Anyone who reads this blog undoubtedly knows this already: on Tuesday, the Social Security Administration announced that the annual cost-of-living-adjustment (COLA) for 2017 will be .3%.
That's right, three-tenths of one percent.
If you apply that to the average Social Security benefit of $1,238.00, it amounts to less than four dollars a month. That is on top of no – read: zero – increases for 2015 and 2016.
Are we supposed to be grateful this year, do you think?
I just received a 4.5% increase in my Medigap premium, a more than 10% increase in my Comcast internet bill and a 5.1% increase in my auto insurance premium (and we won't know about the annual increase in the Medicare Part B premium until November.)
No extra services, of course, in any for these increases – just an additional $35 or so a month. You might say that's not much except that increases for other fixed expenses haven't arrived yet and, most important, it happens this way every year.
Here is a chart from USA Today showing the Social Security COLA changes for the past 10 years:
Pathetic compared to actual costs. I can't be the only person who, each year, cuts back a little here, a little there and wonders how long until all of life's little pleasures are gone.
The president and CEO of the National Committee to Preserve Social Security and Medicare (NCPSSM), Max Richtman, sometimes asks attendees at town hall meetings how much they believe the COLA represents the true cost of living:
”...laughter is always the response,” he wrote Tuesday in a news release following the COLA anouncement.
“We should move to a COLA formula that takes a more accurate measure of seniors’ expenses,” he continued, “which is a CPI for the elderly. The CPI-E has been in the experimental phase since 1982. It’s time to finish the job by fully funding the development of a more accurate COLA formula.”
The CPI-E is a much more realistic calculation of elders' expenses compared to working people but recommendations to change to it have been ignored in Washington for more than 30 years.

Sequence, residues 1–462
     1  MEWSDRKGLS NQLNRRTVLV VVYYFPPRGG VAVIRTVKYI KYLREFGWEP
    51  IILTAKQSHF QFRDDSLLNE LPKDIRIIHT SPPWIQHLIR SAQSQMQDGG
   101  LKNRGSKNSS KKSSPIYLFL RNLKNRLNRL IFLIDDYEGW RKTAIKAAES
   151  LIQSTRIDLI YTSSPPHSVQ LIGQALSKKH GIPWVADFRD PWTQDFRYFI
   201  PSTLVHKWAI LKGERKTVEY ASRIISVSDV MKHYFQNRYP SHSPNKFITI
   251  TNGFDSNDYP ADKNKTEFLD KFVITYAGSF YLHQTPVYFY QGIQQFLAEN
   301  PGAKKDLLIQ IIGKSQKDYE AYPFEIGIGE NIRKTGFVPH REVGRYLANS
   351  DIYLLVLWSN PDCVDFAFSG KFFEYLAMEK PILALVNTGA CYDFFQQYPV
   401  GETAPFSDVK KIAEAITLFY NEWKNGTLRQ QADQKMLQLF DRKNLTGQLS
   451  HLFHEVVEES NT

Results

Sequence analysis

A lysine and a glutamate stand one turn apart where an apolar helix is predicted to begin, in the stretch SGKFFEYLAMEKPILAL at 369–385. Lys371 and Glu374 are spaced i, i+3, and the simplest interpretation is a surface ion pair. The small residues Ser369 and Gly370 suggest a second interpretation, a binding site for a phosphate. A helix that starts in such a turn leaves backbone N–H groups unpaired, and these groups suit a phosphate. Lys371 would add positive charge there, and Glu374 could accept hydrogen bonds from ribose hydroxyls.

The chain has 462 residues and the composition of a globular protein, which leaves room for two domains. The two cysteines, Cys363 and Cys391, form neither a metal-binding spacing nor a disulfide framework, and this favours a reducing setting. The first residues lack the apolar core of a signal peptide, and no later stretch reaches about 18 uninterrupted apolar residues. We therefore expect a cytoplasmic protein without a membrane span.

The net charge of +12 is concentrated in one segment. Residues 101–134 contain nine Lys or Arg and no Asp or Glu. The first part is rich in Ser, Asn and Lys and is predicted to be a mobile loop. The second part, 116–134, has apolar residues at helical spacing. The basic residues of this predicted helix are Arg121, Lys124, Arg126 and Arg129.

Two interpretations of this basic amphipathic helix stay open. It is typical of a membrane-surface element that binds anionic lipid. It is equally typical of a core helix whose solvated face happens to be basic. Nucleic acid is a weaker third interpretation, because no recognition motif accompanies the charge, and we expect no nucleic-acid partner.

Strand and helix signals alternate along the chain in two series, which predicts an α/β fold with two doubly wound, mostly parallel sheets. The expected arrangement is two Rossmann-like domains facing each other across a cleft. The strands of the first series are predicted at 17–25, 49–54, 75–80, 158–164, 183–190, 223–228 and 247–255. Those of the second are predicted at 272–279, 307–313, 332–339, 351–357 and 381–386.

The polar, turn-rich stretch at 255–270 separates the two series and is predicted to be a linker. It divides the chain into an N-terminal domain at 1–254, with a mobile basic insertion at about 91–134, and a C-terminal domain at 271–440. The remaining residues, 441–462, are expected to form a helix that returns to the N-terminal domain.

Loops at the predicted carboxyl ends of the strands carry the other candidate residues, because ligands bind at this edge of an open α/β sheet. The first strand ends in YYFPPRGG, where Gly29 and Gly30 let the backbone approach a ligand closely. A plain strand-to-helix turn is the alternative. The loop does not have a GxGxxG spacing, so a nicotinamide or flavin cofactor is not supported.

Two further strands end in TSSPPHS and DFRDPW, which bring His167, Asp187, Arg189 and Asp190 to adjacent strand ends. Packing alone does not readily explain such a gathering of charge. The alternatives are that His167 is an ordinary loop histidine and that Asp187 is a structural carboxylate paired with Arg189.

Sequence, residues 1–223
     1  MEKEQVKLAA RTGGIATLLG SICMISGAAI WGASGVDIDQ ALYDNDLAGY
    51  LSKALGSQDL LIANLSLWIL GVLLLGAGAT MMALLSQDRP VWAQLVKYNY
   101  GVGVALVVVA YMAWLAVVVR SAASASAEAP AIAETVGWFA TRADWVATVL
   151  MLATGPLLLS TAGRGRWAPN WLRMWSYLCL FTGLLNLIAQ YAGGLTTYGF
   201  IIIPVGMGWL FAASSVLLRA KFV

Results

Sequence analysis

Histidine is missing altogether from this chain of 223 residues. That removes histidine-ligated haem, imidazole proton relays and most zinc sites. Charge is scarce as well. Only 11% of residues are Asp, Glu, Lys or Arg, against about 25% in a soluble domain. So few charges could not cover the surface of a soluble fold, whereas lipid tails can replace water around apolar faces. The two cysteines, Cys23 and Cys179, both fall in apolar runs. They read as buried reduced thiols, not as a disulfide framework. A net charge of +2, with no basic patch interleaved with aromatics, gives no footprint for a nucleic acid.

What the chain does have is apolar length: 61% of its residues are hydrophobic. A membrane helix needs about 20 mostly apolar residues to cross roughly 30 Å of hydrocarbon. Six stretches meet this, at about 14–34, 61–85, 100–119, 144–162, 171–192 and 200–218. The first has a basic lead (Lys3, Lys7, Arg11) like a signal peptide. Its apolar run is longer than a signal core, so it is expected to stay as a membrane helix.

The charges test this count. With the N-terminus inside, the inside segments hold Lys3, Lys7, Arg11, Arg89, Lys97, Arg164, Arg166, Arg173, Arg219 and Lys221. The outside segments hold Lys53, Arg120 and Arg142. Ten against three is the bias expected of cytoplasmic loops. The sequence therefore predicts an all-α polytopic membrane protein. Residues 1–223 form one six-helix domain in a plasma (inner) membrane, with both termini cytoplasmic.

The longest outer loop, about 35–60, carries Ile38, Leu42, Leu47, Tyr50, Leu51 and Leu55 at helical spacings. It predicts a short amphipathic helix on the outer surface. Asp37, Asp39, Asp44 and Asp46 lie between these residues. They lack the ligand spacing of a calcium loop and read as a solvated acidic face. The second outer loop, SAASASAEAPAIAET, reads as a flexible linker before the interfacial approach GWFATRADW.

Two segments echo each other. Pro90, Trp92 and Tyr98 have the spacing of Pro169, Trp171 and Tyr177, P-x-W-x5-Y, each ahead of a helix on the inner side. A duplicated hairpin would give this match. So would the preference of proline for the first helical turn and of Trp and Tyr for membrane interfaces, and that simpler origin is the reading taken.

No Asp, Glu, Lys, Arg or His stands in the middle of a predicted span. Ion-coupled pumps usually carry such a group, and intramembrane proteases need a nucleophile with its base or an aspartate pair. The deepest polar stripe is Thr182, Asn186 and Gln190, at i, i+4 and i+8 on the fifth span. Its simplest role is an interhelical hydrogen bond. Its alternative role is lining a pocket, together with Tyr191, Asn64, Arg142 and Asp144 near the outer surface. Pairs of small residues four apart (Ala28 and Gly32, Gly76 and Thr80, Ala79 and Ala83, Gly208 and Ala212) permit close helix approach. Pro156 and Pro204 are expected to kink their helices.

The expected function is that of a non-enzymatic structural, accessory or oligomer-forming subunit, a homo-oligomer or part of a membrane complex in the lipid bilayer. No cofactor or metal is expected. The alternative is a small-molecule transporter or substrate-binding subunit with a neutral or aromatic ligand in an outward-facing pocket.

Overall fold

There are at least two bills to strengthen Social Security that have been sitting in the House and Senate for a year or more with no action from our do-nothing Congress. I cannot imagine that the bills will come to the floor before a new president is sworn in.
Which brings me to that tiny mention of Social Security and Medicare in the final moments of the Wednesday presidential debate. There was no real discussion to speak of. Here is Max Richtman's full statement after the debate:
“Rather than focusing on the candidate’s plans for improving Social Security and Medicare’s long-term solvency, strengthening benefits and tackling the retirement crisis looming for millions of workers and retirees, last night’s viewers were stuck with the same old crisis calls that ‘entitlements’ are bankrupting America.
“No doubt, Washington’s billion dollar anti-Social Security lobby was happy to have some life pumped back into their middle-class killing campaign to cut benefits; however, America’s voters deserved far more from this debate.
”Make no mistake about it, the choices between Clinton and Trump couldn’t be starker. Donald Trump’s Social Security shape-shifting leaves voters with no idea of how he plans to improve solvency and benefit adequacy. Doing nothing isn’t an option.
“Contrary to his insult last night, hearing Hillary Clinton tell the truth about how to strengthen Social Security's funding isn't ‘nasty,’ it's just reality. As long as America's wealthiest are allowed to avoid paying their share of payroll taxes, Social Security suffers. Period.
“While Clinton supports expanding benefits, Trump’s only policy promise last night was to repeal Obamacare. That cuts years from Medicare’s solvency and billions in preventive care, prescription drugs and cost-reducing benefits to seniors.
“Most Americans know that our nation faces a retirement crisis. Our economy depends on strong Social Security and Medicare programs and improving benefits is vital to keeping millions from poverty. Too bad voters weren’t allowed to hear any of that debated last night.”
Perhaps in a new administration some progress can be made in Congress on this kind of legislation. Stay tuned here after the January inauguration for ideas on how you and I can make a difference.
Meanwhile, don't spend your COLA all in one place.
Oh, wait. One more thing from our friends at the NCPSSM coming off Trump calling Hillary a "nasty woman" at the Wednesday debate: